With the elderly population booming, there are some scam artists looking to make a quick buck using "investment" ploys. Those seniors over the age of 60 make up 15 percent of today's population and account for 30 percent of fraud victims. Security regulators want you to beware of some practices targeting the elderly
Lunchtime at the Stevenson household. Carl Stevenson retired from the Army and the state of Alabama. He says, "We are happy in retirement. and fortunately we us..... have the resources that we can enjoy retirement."
And that's the goal for retirees. But there is concern about seniors being duped into investing in variable and equity index annuities.... Which are fine for some people ... But not many retirees.
So what do you do? Talk with a licensed agent who will ask you the right questions.
Yvonne Messer is an Ameriprise Financial Certified Financial Planner who says those questions would include, "What would you like to have happen when you pass away with investments and do you need the money tomorrow?"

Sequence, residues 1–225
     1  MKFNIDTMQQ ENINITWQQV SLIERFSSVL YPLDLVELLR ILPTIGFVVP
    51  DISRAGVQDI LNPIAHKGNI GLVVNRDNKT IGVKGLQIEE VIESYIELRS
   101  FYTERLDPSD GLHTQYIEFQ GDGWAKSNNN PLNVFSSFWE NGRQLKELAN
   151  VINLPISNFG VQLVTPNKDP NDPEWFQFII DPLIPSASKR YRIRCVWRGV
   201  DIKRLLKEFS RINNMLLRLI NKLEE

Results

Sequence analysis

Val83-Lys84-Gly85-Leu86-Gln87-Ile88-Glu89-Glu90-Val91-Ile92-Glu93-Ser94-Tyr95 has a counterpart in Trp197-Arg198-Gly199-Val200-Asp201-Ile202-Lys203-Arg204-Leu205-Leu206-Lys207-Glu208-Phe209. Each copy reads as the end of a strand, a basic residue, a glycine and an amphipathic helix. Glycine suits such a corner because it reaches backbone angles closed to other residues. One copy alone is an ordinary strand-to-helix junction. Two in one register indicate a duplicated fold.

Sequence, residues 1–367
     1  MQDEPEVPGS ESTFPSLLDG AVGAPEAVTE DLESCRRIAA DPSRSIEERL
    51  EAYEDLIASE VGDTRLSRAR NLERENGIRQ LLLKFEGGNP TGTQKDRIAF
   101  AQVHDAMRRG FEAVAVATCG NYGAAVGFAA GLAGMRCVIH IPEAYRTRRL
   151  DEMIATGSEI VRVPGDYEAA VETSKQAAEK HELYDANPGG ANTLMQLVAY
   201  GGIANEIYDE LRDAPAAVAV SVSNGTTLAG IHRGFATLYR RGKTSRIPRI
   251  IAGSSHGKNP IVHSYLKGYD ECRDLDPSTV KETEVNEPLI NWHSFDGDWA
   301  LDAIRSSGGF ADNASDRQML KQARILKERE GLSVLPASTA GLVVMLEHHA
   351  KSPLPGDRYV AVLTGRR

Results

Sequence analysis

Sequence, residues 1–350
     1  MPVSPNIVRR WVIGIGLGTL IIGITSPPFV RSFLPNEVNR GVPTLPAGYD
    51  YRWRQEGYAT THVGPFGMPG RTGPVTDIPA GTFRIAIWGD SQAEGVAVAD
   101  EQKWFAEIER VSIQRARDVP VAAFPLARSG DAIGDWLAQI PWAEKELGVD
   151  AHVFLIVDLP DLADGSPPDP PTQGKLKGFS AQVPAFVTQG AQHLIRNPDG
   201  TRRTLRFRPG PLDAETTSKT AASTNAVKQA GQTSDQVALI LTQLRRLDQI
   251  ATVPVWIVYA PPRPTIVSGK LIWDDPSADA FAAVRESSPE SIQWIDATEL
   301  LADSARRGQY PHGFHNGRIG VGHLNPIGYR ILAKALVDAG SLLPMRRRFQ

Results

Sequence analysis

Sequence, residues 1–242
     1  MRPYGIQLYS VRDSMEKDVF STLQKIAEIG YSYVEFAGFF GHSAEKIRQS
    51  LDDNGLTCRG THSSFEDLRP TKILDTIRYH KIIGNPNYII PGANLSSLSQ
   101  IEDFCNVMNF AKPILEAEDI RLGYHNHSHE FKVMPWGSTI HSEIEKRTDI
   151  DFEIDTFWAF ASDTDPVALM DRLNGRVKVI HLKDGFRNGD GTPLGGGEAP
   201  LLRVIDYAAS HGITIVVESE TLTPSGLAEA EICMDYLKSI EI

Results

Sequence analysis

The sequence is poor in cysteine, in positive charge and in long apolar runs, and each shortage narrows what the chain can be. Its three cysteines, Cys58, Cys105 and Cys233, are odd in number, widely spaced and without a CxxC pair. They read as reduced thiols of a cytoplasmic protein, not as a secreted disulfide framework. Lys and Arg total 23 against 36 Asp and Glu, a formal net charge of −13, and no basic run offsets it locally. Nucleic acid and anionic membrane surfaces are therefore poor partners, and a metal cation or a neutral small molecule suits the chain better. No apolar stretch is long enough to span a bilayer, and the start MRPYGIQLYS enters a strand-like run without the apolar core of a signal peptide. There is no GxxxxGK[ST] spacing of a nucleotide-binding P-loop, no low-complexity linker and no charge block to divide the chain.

Do your homework on that person. She adds, "A licensed individual, company with a good reputation, credentials after the person's names."
That's so she takes education seriously and keeps up to date with current events and changes in the market.
Messer adds, "Annuities are contracts and you need to read the fine print."
That's to keep from getting stuck with hidden fees, charges for early withdrawals and steep sales commissions.
For Carl, a fee for service type of investment is preferred. He says, "Pay for the fee and the person that's providing that service does not stand to gain from my investments."
What works for carl may not work for someone else. The bottom line? Do research and ask a relative or friend for help. And if you suspect a problem call the Alabama Securities Commission at 1-800-222-1253.
Senior Investor Resource Center: http://nasaa.org/Investor